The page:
Here’s a vid of Keith Baggerly explaining his famous case study of why we need code and data to be made openly available in computational science: http://videolectures.net/cancerbioinformatics2010_baggerly_irrh. This is the work that resulted in the termination of clinical trials at Duke last November and the resignation of Anil Potti. Patients had been assigned into groups and actually given drugs before the trials were stopped. The story is shocking.
It’s also a good example of why traditional publishing doesn’t capture enough detail for reproducibility without the inclusion of data and code. Baggerly’s group at M.D. Anderson was able to make reproducing these results, what he has labeled “forensic biostatistics,” a priority and they spent an enormous amount of time doing this. We certainly need independent verification of results but to do so can often require knowledge of the methodology contained only in the code and data. In addition, Donoho et al (earlier version here) make the point that even when findings are independently replicated, open code and data is necessary to understand the reason for discrepancies in results. In a section in the paper listing and addressing objections we say:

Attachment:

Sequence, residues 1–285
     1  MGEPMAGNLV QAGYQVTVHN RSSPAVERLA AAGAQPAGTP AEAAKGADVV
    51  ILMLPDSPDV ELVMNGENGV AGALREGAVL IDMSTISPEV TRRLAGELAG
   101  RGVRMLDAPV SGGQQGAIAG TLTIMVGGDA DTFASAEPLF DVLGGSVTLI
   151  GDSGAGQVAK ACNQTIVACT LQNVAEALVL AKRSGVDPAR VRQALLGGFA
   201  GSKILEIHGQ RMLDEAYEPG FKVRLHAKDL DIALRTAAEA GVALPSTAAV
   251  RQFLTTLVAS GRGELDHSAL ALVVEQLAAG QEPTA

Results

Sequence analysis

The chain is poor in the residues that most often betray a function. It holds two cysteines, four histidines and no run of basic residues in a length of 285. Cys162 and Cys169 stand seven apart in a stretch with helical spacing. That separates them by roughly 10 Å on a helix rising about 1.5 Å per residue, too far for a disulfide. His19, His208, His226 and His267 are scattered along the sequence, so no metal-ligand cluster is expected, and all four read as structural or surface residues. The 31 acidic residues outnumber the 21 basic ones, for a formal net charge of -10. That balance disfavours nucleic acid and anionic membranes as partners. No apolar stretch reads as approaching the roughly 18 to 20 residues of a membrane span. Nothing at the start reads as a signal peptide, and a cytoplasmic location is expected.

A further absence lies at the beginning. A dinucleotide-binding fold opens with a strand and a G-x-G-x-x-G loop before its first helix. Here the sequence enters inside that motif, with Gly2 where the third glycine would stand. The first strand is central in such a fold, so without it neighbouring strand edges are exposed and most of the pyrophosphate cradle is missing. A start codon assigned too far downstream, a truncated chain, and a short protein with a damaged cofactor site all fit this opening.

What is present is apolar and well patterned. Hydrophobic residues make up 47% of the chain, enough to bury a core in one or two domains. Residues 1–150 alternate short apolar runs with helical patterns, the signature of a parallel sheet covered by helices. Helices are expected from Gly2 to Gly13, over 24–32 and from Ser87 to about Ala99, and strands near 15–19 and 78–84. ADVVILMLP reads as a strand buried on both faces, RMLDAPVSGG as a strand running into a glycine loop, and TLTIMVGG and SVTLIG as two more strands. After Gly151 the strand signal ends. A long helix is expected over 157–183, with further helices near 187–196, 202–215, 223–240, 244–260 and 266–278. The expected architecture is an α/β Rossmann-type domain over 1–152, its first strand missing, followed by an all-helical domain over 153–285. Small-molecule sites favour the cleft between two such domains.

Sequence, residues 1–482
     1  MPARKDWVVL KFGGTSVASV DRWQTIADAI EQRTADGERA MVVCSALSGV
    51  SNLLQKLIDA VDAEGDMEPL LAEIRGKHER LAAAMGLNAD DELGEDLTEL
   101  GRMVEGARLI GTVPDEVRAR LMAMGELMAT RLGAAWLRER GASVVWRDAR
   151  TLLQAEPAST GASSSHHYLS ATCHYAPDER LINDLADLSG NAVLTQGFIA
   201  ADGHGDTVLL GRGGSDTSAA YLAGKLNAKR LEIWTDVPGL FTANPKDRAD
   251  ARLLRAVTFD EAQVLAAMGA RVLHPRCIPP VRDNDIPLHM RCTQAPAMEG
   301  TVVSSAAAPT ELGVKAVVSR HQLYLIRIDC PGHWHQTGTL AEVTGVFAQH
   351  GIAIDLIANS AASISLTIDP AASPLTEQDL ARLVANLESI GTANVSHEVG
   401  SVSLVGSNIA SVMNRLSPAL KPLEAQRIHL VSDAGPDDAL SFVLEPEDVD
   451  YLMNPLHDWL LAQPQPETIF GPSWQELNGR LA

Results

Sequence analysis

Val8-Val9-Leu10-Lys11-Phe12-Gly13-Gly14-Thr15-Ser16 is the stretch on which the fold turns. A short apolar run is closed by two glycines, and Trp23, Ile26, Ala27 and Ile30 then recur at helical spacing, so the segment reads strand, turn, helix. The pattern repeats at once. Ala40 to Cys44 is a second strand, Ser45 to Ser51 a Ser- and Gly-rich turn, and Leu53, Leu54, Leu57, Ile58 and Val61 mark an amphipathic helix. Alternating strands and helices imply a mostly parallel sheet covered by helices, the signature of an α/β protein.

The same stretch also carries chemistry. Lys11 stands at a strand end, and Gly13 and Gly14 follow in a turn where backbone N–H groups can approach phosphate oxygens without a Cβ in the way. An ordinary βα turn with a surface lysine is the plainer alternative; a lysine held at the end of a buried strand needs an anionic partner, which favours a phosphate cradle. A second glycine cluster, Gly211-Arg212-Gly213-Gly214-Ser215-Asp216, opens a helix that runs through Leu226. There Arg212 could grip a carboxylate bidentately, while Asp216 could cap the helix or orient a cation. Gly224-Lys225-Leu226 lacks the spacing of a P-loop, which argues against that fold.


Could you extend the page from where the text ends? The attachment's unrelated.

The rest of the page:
Objection: True Reproducibility Means Reproducibility from First Principles.
Argument: It proves nothing if I point and click and see a bunch of numbers as expected. It only proves something if I start from scratch and build your system and in my implementation I get your results.
Response: If you exactly reproduce my results from scratch, that is quite an achievement! But it proves nothing if your implementation fails to give my results since we won’t know why. The only way we’d ever get to the bottom of such discrepancy is if we both worked reproducibly.
(ps. Audio and slides for a slightly shorter version of Baggerly’s talk here)